There are two self-regulatory bodies in charge of professional standards and ethics. The first is the Journalist Honour Council (JHC), established by the Croatian Journalist Association, which has elaborated the Code of Ethics.  The Council deals with breaches of the professional code. Its strongest measure is a moral condemnation for violation of the code. In January-October 2012, the JHC received 80 complaints. Half of them (41) were dismissed as ungrounded. A majority of 39 relevant complaints concerned biased and inaccurate reporting, defamation and sensationalism. Other cases concerned the breach of children’s rights, privacy rights and copyright. The 2012 Annual report of the Journalist Honour Council identified two negative trends in the report: covert advertising and a continuation of breach of the provision regarding right-to-reply. More than half of them were aimed at editors, which the JHC claimed to be the actors most responsible for the adverse state of journalism ethics in the Croatian media. Thus, while the CJA is publicly visible and has an important role in raising awareness of the trends and problems in the profession, it has not quite succeeded to homogenize the journalists and create solidarity among them or to develop professional standards. Its impact in cases of breach is weak and ends with notices. As a journalist from a commercial news portal claims: “[The statute] it is a dead letter. The highest level you can reach [in cases of breach] is a notice issued by the Croatian Journalist Association”. 
There has been a relatively recent attempt to establish another council that would include different stakeholders. The Croatian Media Council (CMC) was established in the end of 2011. It is a self-regulatory body aimed at the enhancement of media performance in Croatia. It monitors and sanctions the breach of journalist ethics. It consists of eight representatives of the CJA and eight representatives of large media organizations1. Thus, the idea is to bring both representatives of employers and employees to the table. However, while any form of defending journalist professional standards is welcome, it is unclear how they will differ from the CJA’s Council of Honour since the cases of breach only applies to the members of the CMC, who must publish a notice in their respective media in such cases. For now, its performance still seems to be weak and the question is whether it will survive at all.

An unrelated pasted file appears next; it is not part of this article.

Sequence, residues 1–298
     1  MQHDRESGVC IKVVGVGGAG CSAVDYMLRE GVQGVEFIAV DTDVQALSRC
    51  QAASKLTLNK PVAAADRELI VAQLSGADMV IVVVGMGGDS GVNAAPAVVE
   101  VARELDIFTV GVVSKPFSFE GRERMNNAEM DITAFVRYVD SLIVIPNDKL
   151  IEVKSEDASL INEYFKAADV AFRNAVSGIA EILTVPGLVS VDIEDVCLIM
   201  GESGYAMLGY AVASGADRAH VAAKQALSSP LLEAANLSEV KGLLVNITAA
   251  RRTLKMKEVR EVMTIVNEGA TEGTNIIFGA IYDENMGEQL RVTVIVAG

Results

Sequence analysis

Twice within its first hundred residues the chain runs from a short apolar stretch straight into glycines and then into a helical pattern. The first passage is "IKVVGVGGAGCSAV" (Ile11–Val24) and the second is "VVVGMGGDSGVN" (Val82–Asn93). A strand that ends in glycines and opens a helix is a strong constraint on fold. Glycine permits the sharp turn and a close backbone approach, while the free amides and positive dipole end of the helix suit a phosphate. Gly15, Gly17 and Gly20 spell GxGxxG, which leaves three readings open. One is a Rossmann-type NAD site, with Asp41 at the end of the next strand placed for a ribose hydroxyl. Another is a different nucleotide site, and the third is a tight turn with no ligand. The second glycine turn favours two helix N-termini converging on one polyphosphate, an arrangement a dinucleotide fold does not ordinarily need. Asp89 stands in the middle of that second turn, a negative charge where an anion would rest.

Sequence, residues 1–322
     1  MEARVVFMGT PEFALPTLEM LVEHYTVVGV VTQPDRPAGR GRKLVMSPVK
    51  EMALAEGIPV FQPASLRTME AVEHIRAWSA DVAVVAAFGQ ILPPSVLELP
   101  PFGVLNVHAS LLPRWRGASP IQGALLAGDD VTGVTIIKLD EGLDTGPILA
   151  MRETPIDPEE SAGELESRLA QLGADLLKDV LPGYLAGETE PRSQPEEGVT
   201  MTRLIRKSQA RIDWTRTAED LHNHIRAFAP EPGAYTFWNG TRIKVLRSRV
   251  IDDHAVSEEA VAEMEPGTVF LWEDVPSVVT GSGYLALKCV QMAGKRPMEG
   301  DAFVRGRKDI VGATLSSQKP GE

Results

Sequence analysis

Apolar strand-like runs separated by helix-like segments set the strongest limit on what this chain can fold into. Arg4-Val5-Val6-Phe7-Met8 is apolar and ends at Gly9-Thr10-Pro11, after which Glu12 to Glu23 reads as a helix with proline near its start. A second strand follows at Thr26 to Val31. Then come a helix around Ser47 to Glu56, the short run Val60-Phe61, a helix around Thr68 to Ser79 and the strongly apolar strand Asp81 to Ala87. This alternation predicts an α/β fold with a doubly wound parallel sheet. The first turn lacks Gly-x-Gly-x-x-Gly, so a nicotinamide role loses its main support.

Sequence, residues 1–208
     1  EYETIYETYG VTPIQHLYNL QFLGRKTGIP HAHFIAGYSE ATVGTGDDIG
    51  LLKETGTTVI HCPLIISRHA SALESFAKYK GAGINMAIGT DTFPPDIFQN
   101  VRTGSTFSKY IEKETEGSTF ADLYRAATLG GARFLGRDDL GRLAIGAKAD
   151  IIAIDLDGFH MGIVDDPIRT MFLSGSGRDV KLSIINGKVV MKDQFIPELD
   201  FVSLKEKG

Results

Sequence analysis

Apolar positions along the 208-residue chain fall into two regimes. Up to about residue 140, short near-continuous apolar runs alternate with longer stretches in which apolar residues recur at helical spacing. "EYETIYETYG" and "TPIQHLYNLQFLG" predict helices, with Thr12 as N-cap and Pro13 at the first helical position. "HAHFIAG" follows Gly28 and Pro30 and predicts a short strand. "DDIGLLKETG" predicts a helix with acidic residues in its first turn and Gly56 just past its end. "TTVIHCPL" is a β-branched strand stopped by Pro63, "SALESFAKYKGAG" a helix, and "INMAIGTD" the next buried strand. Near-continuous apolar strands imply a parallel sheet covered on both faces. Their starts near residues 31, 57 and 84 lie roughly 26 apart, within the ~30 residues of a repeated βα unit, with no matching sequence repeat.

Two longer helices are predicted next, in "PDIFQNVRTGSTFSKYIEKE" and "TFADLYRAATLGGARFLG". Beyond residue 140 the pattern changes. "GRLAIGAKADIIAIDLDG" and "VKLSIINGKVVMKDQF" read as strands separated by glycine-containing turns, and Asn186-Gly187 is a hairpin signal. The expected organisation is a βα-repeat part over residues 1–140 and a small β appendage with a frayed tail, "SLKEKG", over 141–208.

The Janus Face of Self-Regulation
Self-regulation within media organizations is underdeveloped in Croatia for several reasons: firstly, the stipulations in the media acts are not implemented and there is no repercussion for not obeying the law, which perpetuates the persistence of irresponsible everyday practices. Secondly, the position of journalists in the labour market is precarious, the number of unemployed journalists is rising, and unstable working conditions create existential fear - a context in which demanding their rights and pursuing their goals that might go against media proprietors is unlikely to evolve. In this context, hierarchical structures are not being questioned and a vertical unidirectional mode of communication is dominating. Professional solidarity is quite low, and there is a division between journalists: those working in public service media are considered to be under political influence, employed mainly via political connections and holding a secure position which produces laziness; the ones working in commercial media are perceived as oriented to profit only, producing lower quality content and ignoring professional standards and ethics. A division between the commercial sector and the public sector is visible in other domains as well, preventing the vast majority of underprivileged employees to nurture solidarity and to connect horizontally regardless of the sector within which they operate. This division serves the economic elite because it prevents employees from demanding better working conditions, and it serves the political elites because it eases budget cuts and further cripples the public sector’s capacities. 
In a broad sense, self-regulation could be interpreted in a twofold way: if self-regulation means allocating power to workers i.e. the journalists and creative staff within a media organization, so that they can enhance the operation of the media by developing professional standards, it is surely a worthy goal. However, if it is only a signifier commonly used in the discourse of a liberal market economy to justify deregulation, by pushing forward a supposed ‘empowerment from below’ by which ‘independence’ from state interference is neatly substituted by commercial interests that guide the operation of media - it needs critical assessment. Firstly, because it ignores the structural constraints that journalists are facing in their everyday work and secondly, because it tends to ignore the fact that in democratic systems the state is ‘owned’ by the public, and should work accordingly in the public interest. The public just needs to demand it. 
1 Croatian Journalist Association, Association of Press Publishers, Croatian Association of Radio and Press, National Association of Television, the Croatian Radiotelevision, NovaTV, RTL TV, Association for Interactive Marketing.
Media Policy and Reforms